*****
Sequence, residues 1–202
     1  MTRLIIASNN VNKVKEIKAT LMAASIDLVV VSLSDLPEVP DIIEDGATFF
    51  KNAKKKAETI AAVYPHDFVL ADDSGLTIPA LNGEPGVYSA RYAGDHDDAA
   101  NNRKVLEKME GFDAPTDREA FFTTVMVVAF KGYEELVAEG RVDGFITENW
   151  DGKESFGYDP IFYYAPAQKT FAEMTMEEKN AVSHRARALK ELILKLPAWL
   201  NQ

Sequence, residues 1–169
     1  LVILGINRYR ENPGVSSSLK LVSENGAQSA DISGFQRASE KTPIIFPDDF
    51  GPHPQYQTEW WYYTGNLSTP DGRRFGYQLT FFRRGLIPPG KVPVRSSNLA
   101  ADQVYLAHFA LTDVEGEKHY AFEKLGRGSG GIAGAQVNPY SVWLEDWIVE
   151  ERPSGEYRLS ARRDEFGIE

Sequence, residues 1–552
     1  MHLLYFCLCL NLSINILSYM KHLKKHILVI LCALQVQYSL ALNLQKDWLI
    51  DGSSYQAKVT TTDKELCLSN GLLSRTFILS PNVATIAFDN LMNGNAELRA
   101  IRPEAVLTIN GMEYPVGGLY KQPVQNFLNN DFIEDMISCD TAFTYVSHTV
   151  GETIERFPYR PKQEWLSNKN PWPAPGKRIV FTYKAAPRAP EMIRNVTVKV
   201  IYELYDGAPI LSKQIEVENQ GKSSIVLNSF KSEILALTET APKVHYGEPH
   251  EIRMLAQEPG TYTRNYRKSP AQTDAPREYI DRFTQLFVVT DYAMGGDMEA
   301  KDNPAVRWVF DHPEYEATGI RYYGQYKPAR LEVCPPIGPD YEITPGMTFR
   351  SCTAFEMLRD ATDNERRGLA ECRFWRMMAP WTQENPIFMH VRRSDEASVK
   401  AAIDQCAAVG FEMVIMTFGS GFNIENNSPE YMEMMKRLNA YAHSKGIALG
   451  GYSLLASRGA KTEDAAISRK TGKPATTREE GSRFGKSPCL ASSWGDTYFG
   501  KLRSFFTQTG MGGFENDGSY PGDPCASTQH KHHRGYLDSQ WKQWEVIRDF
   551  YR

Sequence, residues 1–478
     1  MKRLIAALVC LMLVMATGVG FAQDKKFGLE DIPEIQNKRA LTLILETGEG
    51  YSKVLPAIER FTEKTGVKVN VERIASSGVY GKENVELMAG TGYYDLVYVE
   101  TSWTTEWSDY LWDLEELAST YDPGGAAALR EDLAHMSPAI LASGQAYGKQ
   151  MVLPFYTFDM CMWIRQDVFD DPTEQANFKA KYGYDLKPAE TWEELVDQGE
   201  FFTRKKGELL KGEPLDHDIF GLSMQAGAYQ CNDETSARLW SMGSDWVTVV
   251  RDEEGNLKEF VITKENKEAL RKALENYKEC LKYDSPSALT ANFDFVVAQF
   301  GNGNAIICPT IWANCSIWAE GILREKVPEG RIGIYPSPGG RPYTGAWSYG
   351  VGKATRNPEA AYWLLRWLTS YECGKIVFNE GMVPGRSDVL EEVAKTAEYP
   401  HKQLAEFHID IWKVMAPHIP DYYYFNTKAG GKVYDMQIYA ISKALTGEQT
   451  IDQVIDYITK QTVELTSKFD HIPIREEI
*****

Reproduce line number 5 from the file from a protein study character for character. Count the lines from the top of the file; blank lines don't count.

   151  DGKESFGYDP IFYYAPAQKT FAEMTMEEKN AVSHRARALK ELILKLPAWL